Four things the football teams from Iowa and Michigan State can do to position themselves for victory in Saturday's 3 p.m. game at Spartan Stadium:
Michigan State (2-1, 0-0)
1. Establish the run
At its best, Michigan State football teams are physical machines built around a powerful running game.
The pieces are in place for that to happen against this season but much like Iowa the Spartans haven't had the production on the ground that they expected heading into the season.
Some of that is reflective of the youth on the Michigan State front line, where two sophomores and a redshirt freshman fill three of the front five.
The Spartans are fourth in the Big Ten in rushing, but that effort has been led by the feet of sophomore quarterback Brian Lewerke. The 6-foot-3, 212-pound California native averages 68.7 rushing yards per game and leads the Big Ten in total offense with an average of 319 yards.
He's accounted for more than 30 percent of the Spartans' rushing yards, a number coach Mark Dantonio would like to see come down a bit.
Michigan State has the backs to make that happen. Junior LJ Scott, senior Gerald Holmes and junior Madre London combine to average 125 yards per game on the ground while splitting time at the tailback position.
2. Hold onto the ball
Michigan State is last in the Big Ten in turnover margin. Only Nebraska with nine turnovers in four games has more than the eight the Spartans have collected in three.
Turnovers changed the complexion of last week's 38-18 loss to Notre Dame. The Irish converted three into touchdowns that left Michigan State in a 28-7 hole.
Compounding the problem for MSU is that the Michigan State defense has only forced two turnovers in those three games with a pair of picks.
Six of Michigan State's turnovers have come on fumbles, including three by junior LJ Scott. Cleaning that up has been a point of emphasis this week.
3. 'D' it up
A stout, physical defense has traditionally been the hallmark of the Spartans' program.
That is still expected to be the case, but the make up of that defense is in a state of transition. Three of Michigan State's starting four on the defensive line are sophomores who have competed during the opening weeks of the season.
Michigan State is allowing 121.7 rushing yards per game and has held each of its opponents well below its season average. Notre Dame, for example, finished with 182 rushing yards but that was 149 below what the Irish had averaged.
Linebacker Chris Frey, a 6-2, 238-pound senior, continues a tradition of strong middle linebackers in the program. The Spartans have had success getting to opposing quarterbacks, recording six sacks through three games.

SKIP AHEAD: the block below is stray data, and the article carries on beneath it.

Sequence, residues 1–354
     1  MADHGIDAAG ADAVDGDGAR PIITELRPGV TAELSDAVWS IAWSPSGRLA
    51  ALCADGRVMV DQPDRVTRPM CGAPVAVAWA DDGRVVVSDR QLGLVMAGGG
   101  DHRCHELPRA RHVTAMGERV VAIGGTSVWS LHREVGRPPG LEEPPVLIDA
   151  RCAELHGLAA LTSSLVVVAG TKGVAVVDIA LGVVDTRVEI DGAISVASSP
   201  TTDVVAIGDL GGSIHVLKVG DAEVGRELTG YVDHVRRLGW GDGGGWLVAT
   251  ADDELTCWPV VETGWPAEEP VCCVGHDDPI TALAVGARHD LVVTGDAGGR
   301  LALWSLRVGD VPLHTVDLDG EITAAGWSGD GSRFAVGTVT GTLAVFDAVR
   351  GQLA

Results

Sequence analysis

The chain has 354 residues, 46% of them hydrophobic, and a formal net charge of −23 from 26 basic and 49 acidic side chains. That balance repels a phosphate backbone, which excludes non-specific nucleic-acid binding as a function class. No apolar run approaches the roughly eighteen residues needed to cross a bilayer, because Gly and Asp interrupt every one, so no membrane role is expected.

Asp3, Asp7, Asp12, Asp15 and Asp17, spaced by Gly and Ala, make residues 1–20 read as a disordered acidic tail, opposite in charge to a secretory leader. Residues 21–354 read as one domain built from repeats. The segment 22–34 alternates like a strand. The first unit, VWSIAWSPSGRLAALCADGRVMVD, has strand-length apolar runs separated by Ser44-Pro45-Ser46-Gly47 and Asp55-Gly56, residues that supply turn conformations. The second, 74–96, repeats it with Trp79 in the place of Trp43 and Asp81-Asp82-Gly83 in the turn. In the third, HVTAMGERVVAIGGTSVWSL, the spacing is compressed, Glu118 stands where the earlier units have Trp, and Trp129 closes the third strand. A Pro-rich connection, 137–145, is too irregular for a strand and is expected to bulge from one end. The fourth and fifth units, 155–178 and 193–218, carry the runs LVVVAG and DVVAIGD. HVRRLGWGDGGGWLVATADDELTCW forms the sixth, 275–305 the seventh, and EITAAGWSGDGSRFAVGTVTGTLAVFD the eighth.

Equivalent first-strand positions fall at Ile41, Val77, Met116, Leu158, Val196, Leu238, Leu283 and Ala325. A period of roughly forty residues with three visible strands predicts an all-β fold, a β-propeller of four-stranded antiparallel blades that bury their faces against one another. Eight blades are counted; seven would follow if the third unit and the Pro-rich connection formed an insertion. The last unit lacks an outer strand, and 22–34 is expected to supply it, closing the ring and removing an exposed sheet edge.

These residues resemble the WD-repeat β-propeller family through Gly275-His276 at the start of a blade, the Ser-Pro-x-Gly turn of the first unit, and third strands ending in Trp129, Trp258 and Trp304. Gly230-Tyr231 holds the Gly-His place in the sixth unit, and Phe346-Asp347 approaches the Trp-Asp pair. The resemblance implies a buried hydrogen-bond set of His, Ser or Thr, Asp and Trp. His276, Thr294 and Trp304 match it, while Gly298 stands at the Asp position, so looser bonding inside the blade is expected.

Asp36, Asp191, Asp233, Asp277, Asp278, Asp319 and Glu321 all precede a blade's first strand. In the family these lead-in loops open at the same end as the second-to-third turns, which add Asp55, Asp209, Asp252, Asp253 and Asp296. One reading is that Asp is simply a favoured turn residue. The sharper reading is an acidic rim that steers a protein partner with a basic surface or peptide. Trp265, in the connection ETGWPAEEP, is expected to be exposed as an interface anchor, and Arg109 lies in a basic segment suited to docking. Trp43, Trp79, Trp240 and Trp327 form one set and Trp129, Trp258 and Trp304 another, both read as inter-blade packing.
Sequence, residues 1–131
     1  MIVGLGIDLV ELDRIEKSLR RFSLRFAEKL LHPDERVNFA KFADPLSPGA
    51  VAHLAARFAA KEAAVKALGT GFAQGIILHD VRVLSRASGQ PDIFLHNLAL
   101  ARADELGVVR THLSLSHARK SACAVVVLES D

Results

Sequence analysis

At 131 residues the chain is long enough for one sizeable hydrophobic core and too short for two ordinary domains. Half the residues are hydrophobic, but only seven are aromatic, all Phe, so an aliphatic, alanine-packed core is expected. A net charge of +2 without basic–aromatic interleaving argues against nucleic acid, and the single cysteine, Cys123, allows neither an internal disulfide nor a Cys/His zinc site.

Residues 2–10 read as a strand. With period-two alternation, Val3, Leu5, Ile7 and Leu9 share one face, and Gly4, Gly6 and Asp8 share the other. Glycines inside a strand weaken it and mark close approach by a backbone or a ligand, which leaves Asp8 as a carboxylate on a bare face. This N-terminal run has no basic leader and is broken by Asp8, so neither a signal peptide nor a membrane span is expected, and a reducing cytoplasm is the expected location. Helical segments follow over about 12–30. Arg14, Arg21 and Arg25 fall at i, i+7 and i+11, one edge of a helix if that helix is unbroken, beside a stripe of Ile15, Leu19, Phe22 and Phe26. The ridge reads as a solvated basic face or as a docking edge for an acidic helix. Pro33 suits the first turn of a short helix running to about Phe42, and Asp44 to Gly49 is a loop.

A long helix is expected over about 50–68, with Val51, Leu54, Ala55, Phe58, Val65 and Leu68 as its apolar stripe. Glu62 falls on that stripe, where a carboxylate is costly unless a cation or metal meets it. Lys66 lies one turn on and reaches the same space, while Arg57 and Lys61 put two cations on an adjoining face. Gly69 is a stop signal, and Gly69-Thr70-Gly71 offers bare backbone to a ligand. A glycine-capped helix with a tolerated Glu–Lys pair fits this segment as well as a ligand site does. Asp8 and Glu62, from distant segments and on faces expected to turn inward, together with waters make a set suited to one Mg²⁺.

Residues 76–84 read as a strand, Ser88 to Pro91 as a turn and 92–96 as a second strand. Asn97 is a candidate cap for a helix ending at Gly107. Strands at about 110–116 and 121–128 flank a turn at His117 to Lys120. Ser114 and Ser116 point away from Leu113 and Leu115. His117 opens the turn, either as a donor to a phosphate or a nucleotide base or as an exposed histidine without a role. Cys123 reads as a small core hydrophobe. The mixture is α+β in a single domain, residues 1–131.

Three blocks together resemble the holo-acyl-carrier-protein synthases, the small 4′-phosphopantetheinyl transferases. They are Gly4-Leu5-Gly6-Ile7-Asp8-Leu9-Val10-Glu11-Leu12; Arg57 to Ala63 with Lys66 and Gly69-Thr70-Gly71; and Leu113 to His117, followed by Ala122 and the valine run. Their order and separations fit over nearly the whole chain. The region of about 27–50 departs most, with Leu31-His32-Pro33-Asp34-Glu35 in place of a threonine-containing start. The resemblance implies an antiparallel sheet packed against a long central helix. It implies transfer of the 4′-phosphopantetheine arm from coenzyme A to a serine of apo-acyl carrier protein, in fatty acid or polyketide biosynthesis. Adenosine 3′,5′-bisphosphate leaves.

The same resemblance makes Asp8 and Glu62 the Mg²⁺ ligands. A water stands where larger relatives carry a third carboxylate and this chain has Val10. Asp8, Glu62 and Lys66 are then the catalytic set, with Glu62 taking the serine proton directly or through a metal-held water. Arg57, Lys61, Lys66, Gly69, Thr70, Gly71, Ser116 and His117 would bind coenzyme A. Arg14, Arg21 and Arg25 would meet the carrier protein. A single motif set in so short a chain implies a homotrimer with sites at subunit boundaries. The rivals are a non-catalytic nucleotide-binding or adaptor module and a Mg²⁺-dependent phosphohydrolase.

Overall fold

4. Avoid the trap
Looking to bounce back from a loss takes a little of the edge off of this, but this week is a bit of a trap game for Michigan State.
The Spartans played an emotional game last week against long-time rival Notre Dame and by Tuesday, Dantonio was already working to brush aside questions about next week's game against Michigan.
The game with the Wolverines will be the first night game in that series and is generating a buzz in the state and on campus.
Can Michigan State avoid the trap this week?
Iowa (3-1, 0-1)
1. Establish the run
The Hawkeyes join the Spartans in working to their ground game on track this week.
Iowa's average of 3.79 yards per carry ranks 10th in the Big Ten and while Akrum Wadley's big-play ability has helped, a consistency in the run game has eluded the Hawkeyes so far this season.
Opponents have been geared up to stop the run, a natural challenge to an offense in the hands of a first-year starter at quarterback working with a group of largely new receivers and tight ends.
Injuries along the offensive line, which is expected to start the same five players for the third consecutive week, have also impacted the cohesion of the running attack.
2. Establish the pass
With the run game spinning its wheels a bit early in the season, the arm of Nate Stanley has helped the Hawkeyes compete.
The last Iowa quarterback to throw for more than the 12 touchdowns Stanley has thrown in a four-game stretch for the Hawkeyes was Chuck Long, who threw 14 touchdown passes in the first four games of his senior season in 1985.
Iowa needs its pass game to work as Michigan State will likely follow the Penn State blitz plan to test Stanley, who has seen Nick Easley develop as his go-to receiver.
Easley has 18 receptions so far this season.
3. Repeat the defensive feat
Defense gave Iowa a chance to beat fourth-rated Penn State last week and that same type of effort will again be needed if the Hawkeyes hope to bring home their first Big Ten win of the year.
In addition to being able to maintain contain against the mobility of quarterback Brian Lewerke, the Hawkeyes need to find a way to get off the field on third down after holding up through most of the 99 plays Penn State ran a week ago.
Iowa opponents have been averaging 4.7 yards per carry, a number coaches would like to see reduced.
4. Have a sense of urgency
It's week two of Big Ten play for the Hawkeyes and while this might not fall into the category of being a must-win game for Iowa, it certainly is a pivotal game for a team which reaches the midpoint of the regular season next week against Illinois.
An 0-2 start in the conference with both losses coming against teams from the East Division would be challenging for the Hawkeyes to overcome, especially considering what other teams expected to be in the thick of the race in the West face outside the division.
Wisconsin, which opens Big Ten play this week against Northwestern, faces Maryland, Indiana and Michigan in its crossover games.
Minnesota, the only other currently unbeaten team in the West, hosts Maryland today and also plays Michigan State and Michigan from the East.
For an Iowa team looking for an edge and with Ohio State yet to come on its out-of-division schedule, that makes the Michigan State game pivotal.